We encountered a very rare case of primary sacral non-GC-type CD10-negative DLBCL with MYC translocation, and report the case herein.

Case report

An 85-year-old man presented to us with the complaints of pain and numbness in the left buttock. He had a history of treatment for pulmonary tuberculosis at age 20. In February 2012, he began to experience tenderness and numbness in the left buttock. There was a 2-day history of transient dysuria. In the same month, lumbosacral magnetic resonance imaging (MRI) revealed an epidural mass in the sacrum S1-3 region which was visualized as an isodensity on both T1- and T2-weighted MR images (T1WI and T2WI); the tumor was clearly demarcated, but was not associated with remarkable osteolytic bone destruction (Figure 1A-C).

Figure 1
Imaging of sacral lymphoma. A: Sagittal section of T1 weighted MR image (WI). B: Sagittal section of T2WI. C: Coronal section of T1WI. The lesion is shown within the yellow circle. There is a soft tissue neoplastic lesion located in the epidural space ...

However, 18F-fluoro-2-deoxy-D-glucose-positron emission tomography/computed tomography (FDG-PET/CT) showed FDG accumulation with a maximum standardized uptake value (SUVmax) of 17.3 at the same site, raising the suspicion of malignancy (Figure 1D-F). The FDG accumulation was not limited to the epidural space, but was observed over a wide area including the sacrum. Bone scintigraphy also showed abnormal accumulation of radioactivity in the sacrum (Figure 1G). However, there was no significant osteolytic bone destruction and the lesion was more clearly visualized by FDG-PET/CT and bone scintigraphy than by MRI. Sacral tumor resection was performed at our hospital in April 2012. The patient was diagnosed histopathologically as having malignant lymphoma (DLBCL) and referred to the Department of Hematology.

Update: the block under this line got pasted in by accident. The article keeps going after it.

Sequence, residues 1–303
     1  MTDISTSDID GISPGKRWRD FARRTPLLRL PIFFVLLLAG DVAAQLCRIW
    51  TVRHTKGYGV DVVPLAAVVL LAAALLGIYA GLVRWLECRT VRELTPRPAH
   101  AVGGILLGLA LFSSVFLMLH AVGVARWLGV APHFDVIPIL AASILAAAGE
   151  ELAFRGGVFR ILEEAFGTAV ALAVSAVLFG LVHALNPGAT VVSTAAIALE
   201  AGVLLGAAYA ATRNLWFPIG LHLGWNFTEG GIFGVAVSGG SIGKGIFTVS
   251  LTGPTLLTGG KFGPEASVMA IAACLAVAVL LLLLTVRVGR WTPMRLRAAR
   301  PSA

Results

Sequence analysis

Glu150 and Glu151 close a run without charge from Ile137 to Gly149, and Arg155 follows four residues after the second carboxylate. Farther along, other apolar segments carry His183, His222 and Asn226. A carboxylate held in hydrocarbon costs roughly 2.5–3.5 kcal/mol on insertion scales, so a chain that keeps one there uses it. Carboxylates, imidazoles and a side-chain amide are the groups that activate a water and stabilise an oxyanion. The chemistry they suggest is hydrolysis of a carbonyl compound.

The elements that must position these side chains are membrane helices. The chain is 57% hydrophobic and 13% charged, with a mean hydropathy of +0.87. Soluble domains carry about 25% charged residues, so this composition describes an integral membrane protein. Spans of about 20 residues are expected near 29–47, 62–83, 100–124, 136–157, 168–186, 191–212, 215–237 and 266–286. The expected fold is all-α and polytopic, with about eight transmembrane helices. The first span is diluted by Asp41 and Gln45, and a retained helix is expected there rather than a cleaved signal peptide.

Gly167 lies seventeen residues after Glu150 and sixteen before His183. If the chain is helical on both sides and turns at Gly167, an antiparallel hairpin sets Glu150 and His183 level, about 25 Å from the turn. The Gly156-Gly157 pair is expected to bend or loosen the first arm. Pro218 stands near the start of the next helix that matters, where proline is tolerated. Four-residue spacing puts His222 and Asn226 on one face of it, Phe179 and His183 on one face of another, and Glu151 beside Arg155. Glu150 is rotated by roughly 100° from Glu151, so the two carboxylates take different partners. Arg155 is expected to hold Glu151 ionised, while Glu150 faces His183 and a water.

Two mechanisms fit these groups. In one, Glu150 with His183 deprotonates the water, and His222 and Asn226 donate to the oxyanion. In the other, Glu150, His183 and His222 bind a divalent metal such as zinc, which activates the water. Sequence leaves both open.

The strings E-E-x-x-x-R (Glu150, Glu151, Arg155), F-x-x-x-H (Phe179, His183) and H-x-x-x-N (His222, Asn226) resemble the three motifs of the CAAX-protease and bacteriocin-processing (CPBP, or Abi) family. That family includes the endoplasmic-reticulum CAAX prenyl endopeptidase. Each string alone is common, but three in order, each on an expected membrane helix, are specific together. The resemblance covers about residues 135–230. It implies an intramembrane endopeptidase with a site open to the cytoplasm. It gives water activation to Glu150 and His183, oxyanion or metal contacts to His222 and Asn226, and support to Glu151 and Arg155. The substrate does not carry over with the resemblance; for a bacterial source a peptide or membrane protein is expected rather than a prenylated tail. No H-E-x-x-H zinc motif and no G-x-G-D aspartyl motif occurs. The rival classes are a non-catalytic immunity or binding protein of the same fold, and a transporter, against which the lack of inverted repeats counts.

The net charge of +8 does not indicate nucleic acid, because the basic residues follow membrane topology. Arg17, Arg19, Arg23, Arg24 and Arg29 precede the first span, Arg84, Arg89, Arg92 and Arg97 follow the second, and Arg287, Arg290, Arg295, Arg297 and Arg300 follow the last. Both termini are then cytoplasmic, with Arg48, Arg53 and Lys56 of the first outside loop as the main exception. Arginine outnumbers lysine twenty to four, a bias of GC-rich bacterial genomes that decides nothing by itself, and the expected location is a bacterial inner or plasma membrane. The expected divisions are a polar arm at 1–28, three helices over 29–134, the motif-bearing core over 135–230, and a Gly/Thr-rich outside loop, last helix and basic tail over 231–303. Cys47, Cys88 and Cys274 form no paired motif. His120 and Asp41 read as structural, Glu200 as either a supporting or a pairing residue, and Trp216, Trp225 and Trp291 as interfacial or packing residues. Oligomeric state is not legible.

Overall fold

At the initial examination, the patient was 168 cm tall, weighed 66 kg, had a body temperature of 36.2°C, and tenderness in the left buttock. There was no palpable superficial lymphadenopathy or hepatosplenomegaly. Laboratory examination revealed no abnormalities of the hematological parameters, blood biochemistry, serum lactate dehydrogenase (LDH), alkaline phosphatase (ALP), C-reactive protein (CRP), soluble interleukin-2 receptor (sIL-2R), immunoglobulin, etc. Serum human immunodeficiency virus (HIV) and M-protein were negative. Bone marrow examination revealed no infiltration by morphologically obvious lymphoma cells, and flow cytometry (FCM) and Southern blotting of immunoglobulin heavy chain joining segments (IgH-JH) showed no abnormalities. Chromosome G-banding analysis revealed 46, X, -Y, +8 in 11 out of 20 cells, but no dysplastic cells were observed in the bone marrow and there was no decrease of the peripheral blood cell counts. Therefore, the patient was unlikely to have myelodysplastic syndrome or bone marrow infiltration of DLBCL. No tumor cells were found in the cerebrospinal fluid.

FCM of the tumor cells showed that most of the cells were negative for CD10; furthermore, the cells were positive for CD19, positive for CD20, negative for kappa chains, positive for lambda chains, negative for CD30, positive for CD22, negative for CD13, negative for CD2, negative for CD3, negative for CD5, negative for CD7, negative for CD4, negative for CD8, positive for CD45, negative for CD56, negative for TCRαβ and negative for TCRγδ (Figure 2), suggesting the diagnosis of CD5-negative, CD10-negative mature B-cell lymphoma.

Figure 2